If you’ve recently lost a loved one, you may wonder about the probate process and your role in it, especially if you’re an heir. The probate process involves several people filling multiple roles so your loved one’s will can be legally recognized and the heirs can receive their inheritance.
As an heir or beneficiary, you may want to learn more about roles like the executor of the will, trustee and guardian. Understanding these roles in the probate process for an estate gives you a better picture of what to expect going forward.
Executor of a Will
An executor of a will is one of the primary roles in the probate process. This person is responsible for carrying out the deceased’s wishes as outlined in their will.
What Is an Executor of a Will?
An executor of a will is a person or institution who is appointed to manage the deceased’s estate. If the deceased individual named an executor in their will, the probate court must approve them. The probate court might have to appoint an executor of a will if the deceased left no wishes. The decision is ultimately up to the court, but the executor of the will is typically a family member who will receive an inheritance.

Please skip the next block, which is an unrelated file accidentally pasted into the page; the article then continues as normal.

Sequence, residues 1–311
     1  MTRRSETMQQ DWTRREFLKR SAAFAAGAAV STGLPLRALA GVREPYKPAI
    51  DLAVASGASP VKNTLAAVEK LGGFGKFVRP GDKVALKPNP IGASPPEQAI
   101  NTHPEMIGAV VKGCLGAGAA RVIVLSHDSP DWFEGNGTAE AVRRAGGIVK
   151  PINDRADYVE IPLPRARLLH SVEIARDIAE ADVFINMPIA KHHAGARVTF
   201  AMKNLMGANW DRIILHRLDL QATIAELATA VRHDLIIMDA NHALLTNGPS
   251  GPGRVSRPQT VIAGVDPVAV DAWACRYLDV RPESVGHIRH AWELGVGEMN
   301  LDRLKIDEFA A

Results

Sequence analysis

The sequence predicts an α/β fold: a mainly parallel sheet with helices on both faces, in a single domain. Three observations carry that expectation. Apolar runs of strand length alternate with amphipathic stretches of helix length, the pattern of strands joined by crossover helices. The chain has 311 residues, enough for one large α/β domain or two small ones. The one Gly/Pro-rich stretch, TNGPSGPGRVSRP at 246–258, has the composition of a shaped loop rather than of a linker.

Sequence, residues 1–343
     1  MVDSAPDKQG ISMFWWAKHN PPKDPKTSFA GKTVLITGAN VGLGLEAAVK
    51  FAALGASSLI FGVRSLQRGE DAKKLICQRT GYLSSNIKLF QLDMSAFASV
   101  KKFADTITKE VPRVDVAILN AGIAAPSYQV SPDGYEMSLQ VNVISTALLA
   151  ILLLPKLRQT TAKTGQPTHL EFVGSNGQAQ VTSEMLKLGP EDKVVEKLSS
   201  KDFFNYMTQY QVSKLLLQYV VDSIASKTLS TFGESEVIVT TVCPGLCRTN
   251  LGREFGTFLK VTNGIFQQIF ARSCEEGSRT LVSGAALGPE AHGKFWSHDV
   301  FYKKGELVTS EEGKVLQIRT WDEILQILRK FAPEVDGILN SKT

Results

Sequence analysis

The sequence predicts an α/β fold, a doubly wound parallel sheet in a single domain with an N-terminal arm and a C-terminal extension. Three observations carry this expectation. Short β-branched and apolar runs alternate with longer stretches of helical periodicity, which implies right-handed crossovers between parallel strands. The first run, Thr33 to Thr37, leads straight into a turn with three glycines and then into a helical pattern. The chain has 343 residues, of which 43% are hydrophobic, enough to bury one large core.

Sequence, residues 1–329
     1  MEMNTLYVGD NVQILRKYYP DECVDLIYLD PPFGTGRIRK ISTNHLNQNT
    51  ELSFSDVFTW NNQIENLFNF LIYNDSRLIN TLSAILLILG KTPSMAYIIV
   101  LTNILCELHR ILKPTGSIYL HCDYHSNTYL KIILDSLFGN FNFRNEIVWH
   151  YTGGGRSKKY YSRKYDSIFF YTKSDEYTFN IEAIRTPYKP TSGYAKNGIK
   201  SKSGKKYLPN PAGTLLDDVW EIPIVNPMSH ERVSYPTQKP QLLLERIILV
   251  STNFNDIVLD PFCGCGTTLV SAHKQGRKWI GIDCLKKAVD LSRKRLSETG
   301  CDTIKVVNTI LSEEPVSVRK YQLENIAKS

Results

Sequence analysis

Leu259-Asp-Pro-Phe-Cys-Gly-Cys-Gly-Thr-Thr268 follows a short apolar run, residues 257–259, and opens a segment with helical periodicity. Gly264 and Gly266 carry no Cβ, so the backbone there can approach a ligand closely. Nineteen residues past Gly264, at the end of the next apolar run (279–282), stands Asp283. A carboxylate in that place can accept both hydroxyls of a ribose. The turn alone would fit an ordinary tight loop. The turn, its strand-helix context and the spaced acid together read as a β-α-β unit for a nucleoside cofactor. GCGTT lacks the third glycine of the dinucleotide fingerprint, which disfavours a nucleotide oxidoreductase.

The executor of a will must follow through with the deceased’s wishes about their personal and real property. These responsibilities make an executor of a will an essential part of the probate process.
What Does an Executor of a Will Do?
An executor of a will has a legal duty to act in the best interest of the deceased individual and the heirs of their estate. Fulfilling this role might require the executor to perform several tasks, including:
- Filing probate court paperwork
- Distributing the estate’s assets to the heirs and beneficiaries
- Satisfying creditors by paying the estate’s debts
- Paying federal, state and estate taxes
- Defending the will against lawsuits and questions of its validity
An executor of a will does not have the power to change the deceased’s will or determine who receives an inheritance. The executor’s full responsibility is to ensure the beneficiaries receive the inheritance left to them by the deceased. It’s important to remember that the probate court has the final say about the deceased’s assets.
Another role in the probate process is the trustee. If a deceased person sets up a trust in their will, the trustee is responsible for overseeing it. Here’s an overview of a trustee’s role and duties:
What Is a Trustee?